Ok it is really only a cold, but I claim the privileges of my gender to make the most of it. It has been pretty debilitating though and not what you want on holiday. I have often noticed that the body decides that once the pressure of work is off it is alright to be ill. No it isn’t body. I want to be ill so that I can miss work not when I am missing it already.
It has been an odd stay. The weather has been bleak and cold. We arrived to a funeral. The man who owned the plot of land next to the house died of a stroke at the age of only 63. A nice, friendly man who had learnt some English when he was at sea, he always greeted us, helped himself to our water for his vines, and kept himself fit. He is a loss. More prosaically, the dishwasher decided to blow up. And yes, for those bucolic fantasists amongst you, we do have dishwashers in rural Greece; I am also hoping that we have people who can fix them.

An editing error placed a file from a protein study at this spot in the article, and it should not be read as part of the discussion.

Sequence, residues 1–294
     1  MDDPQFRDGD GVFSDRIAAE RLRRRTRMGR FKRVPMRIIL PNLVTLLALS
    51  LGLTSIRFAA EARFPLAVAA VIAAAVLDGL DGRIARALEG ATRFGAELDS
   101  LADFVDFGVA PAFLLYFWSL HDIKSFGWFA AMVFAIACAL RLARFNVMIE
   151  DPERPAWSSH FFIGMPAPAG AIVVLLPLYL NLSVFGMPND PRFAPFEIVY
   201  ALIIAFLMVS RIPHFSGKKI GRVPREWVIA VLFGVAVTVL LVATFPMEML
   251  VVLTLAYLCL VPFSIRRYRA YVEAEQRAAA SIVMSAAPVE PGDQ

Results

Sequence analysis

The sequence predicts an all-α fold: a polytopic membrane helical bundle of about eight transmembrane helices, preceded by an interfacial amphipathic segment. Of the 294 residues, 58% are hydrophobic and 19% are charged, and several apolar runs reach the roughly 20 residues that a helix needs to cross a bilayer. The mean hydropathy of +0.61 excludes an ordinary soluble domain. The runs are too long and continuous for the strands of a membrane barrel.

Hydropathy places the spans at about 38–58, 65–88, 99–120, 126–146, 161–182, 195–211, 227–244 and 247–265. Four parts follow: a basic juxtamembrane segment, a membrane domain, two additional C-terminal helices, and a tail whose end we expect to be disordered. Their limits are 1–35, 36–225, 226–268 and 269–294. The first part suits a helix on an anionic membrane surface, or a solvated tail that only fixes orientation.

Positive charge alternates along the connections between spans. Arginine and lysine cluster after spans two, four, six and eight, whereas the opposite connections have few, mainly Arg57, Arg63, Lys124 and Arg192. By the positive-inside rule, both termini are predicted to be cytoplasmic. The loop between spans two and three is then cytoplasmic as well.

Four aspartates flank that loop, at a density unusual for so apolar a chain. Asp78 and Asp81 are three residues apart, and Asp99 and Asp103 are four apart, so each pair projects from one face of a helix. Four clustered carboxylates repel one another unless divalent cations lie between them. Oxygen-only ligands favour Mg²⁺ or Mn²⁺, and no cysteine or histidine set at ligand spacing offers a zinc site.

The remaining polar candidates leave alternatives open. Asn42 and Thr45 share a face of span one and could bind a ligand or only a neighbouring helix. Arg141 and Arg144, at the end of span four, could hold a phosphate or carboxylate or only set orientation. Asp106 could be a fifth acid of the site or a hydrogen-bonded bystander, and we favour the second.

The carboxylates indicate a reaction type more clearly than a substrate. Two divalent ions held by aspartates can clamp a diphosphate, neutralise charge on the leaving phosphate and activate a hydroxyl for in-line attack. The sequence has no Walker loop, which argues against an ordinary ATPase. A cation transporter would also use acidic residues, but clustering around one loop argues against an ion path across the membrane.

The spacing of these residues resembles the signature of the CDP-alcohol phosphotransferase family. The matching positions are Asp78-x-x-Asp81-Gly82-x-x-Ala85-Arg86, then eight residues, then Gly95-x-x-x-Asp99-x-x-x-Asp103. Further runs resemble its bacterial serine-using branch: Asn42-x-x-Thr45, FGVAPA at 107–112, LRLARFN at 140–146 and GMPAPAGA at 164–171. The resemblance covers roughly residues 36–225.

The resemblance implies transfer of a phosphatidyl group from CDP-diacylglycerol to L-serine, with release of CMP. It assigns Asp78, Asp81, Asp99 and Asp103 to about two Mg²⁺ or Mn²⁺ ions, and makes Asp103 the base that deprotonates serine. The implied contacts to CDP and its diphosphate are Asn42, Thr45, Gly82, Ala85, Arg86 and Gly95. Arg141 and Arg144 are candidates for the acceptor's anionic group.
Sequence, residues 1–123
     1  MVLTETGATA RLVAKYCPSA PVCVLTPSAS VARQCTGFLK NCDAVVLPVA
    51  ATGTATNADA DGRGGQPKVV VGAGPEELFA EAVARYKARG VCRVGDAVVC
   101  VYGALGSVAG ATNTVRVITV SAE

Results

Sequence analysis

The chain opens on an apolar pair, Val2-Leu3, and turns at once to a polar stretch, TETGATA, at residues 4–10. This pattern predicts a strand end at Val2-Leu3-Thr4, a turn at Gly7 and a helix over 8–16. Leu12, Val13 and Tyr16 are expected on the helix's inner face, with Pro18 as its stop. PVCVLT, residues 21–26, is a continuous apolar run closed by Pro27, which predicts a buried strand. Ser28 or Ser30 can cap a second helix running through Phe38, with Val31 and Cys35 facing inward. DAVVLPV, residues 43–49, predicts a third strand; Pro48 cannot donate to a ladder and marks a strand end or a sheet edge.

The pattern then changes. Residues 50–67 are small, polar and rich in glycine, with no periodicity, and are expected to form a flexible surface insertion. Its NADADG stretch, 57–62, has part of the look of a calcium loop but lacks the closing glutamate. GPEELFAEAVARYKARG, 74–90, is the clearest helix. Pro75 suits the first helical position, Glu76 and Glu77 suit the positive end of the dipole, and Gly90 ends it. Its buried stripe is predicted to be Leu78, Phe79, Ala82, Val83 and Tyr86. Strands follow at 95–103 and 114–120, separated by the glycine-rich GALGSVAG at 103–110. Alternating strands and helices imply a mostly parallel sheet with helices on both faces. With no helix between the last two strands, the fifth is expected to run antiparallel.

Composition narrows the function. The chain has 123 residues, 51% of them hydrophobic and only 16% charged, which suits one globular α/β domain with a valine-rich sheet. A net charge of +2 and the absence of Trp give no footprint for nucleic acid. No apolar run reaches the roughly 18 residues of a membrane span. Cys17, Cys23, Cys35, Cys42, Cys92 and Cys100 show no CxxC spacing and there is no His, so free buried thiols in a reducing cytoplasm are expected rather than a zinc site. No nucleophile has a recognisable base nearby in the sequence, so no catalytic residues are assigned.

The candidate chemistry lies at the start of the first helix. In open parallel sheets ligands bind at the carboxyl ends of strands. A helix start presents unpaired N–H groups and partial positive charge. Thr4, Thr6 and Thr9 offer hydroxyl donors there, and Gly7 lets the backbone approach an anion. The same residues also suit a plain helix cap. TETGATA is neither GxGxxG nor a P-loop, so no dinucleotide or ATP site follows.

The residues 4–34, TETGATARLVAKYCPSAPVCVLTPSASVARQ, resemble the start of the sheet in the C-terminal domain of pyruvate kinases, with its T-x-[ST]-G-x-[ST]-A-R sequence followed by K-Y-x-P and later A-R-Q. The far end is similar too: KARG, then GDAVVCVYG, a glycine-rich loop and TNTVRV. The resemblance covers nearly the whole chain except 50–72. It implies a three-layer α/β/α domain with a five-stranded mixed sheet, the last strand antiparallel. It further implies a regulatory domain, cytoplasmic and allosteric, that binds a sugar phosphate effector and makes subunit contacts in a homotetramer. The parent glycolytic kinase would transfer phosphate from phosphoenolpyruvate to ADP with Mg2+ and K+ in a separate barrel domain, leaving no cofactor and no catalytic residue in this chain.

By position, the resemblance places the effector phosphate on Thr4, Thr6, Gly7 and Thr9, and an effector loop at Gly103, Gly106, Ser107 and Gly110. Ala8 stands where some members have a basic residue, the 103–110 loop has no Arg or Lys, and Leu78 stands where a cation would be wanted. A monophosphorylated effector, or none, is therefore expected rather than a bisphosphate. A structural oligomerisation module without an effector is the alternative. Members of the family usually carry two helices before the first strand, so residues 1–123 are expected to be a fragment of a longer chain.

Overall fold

The beauty is still there and sneezing and sniffling beside an olive wood fire with good books is preferable to being holed up in Hull. I look out of the windows to see the citrus trees laden with bright oranges and the silvery leaves of the olive groves on the far hill. Wood smoke hangs over the village, many people are away and it is very quiet. The local butcher, Costas, has once again made his late entry for the Turner Prize with his amazing strings of fairy lights flung haphazardly over the tree outside his house. Boxing Day was accompanied by the gunfire of the hunters and I hope that I will be over this virus in time to join in the New Year’s Eve cacophony.
The skies look unremitting and I do not think that we will have any warm winter days this year. And once again, given the utter unreality in England about Greece and the failure to realise that winter exists, when I get back I know that people will say, “at least you have been sitting in the sun”.